<img height="1" width="1" style="display:none;" alt="" src="https://dc.ads.linkedin.com/collect/?pid=882962&amp;fmt=gif">

Check Out Our Recent Interview on Sports Medicine WeeklyListen Here

What You Need To know about using Staples in Wound closure

Sutures or staples? This wasn’t really a question until just about fifty years ago. Sutures have been used since the 16th century BCE, while the idea of stapling didn’t come to fruition until early in the 20th century CE. The "father of surgical stapling," Hungarian physician Hümér Hültl, invented the first surgical stapling device in 1908, with a prototype stapler weighing in at eight pounds and requiring two hours to assemble and load. By the 1970s, however, the technology was refined into the more-widely known device we know today. 


Made of stainless steel or titanium (or sometimes nickel, chromium, plastic, or iron), surgical staples are usually used to close deep lacerations which aren’t appropriate for ordinary stitches, or for areas of the body under high tension. Staples are curved, straight, or circular, and unlike “office staples,” which require an anvil that the staples are pressed against to form a hook, surgical staples have bent prongs with no anvil required. Staples may be used on the abdomen, legs, arms, scalp, or back; however, they should not be used on the neck, feet, or face.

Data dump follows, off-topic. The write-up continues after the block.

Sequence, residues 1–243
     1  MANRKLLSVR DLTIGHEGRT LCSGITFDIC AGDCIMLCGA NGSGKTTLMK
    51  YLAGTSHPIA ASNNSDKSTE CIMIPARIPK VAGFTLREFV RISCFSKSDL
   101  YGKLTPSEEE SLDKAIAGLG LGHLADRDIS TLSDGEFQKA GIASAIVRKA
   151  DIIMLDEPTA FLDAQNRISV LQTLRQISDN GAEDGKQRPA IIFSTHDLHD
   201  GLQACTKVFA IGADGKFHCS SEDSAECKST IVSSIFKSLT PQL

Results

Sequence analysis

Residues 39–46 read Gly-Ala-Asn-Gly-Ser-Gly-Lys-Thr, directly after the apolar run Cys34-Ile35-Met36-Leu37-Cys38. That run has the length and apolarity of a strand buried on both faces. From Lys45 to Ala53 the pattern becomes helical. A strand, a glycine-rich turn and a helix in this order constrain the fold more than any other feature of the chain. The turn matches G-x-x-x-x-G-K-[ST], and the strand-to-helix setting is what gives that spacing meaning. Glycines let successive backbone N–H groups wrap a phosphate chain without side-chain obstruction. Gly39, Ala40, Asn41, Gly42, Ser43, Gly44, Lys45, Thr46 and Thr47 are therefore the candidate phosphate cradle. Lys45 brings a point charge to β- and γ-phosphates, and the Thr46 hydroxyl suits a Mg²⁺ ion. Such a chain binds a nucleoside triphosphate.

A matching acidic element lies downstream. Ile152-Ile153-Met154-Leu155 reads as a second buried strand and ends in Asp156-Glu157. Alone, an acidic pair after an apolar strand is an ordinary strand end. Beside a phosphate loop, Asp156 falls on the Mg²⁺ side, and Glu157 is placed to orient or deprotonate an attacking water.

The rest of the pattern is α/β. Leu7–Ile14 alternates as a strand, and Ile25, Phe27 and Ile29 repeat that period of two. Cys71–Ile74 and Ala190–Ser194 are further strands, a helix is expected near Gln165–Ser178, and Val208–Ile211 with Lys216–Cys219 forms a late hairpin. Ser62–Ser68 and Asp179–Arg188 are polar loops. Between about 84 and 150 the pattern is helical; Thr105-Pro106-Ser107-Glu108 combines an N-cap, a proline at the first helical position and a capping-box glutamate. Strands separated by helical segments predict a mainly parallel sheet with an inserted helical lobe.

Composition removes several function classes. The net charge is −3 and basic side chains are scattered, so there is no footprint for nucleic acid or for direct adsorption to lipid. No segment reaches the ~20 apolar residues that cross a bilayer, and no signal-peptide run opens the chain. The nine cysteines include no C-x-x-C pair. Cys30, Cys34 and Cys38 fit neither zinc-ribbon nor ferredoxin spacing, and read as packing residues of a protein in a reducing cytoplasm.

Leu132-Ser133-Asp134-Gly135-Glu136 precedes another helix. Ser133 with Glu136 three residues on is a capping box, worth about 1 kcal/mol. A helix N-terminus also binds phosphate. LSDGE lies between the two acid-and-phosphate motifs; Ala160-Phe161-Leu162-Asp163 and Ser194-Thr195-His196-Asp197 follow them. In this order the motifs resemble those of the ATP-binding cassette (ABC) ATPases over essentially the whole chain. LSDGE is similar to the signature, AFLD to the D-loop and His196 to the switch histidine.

While staples can provide a quick and necessary “quick fix” in emergency situations, the limitations of where can be used on the body can greatly affect first responders, especially in mass casualty situations when they need to quickly determine the best method of wound closure to stop the bleeding. Each year, about 60,000 Americans die from blood loss, with as many as 1.5 million of these hemorrhaging deaths being caused by physical trauma. Studies also show that more than 50% of people with traumatic injuries involving hemorrhaging die within minutes of accident or injury, so proper and quick wound closure is crucial.



Today, demand for surgeons’ time remains a big challenge, and wasted time is leading to physician burnout. Stapling can usually be performed quicker than suturing, saving about 2-3 minutes of time, which is why stapling is the preferred method of choice for trauma care involving mass casualties, whether it’s a natural disaster, major vehicular accident, or even a shooting. In a physician’s office. however, stapling requires the use of two healthcare professionals (one to align the skin with forceps, and another to apply the staples) versus only one for suturing. And while both stapling and most suturing require return visits for removal, staple removal in particular requires usage of a special tool versus a simple set of scissors for sutures. There are times when staples can become embedded in the skin, making removal difficult; on rare occasions, staples can become completely lodged within the skin, requiring a new incision to remove the buried staple.